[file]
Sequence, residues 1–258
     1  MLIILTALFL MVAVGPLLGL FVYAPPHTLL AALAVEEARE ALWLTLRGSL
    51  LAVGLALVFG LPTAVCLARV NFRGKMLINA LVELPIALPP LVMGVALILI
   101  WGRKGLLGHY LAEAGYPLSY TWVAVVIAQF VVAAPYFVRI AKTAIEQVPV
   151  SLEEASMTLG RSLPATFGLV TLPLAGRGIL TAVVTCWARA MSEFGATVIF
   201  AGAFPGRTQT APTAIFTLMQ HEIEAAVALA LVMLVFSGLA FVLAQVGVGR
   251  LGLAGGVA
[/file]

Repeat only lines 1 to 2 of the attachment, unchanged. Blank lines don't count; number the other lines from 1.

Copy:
Sequence, residues 1–258
     1  MLIILTALFL MVAVGPLLGL FVYAPPHTLL AALAVEEARE ALWLTLRGSL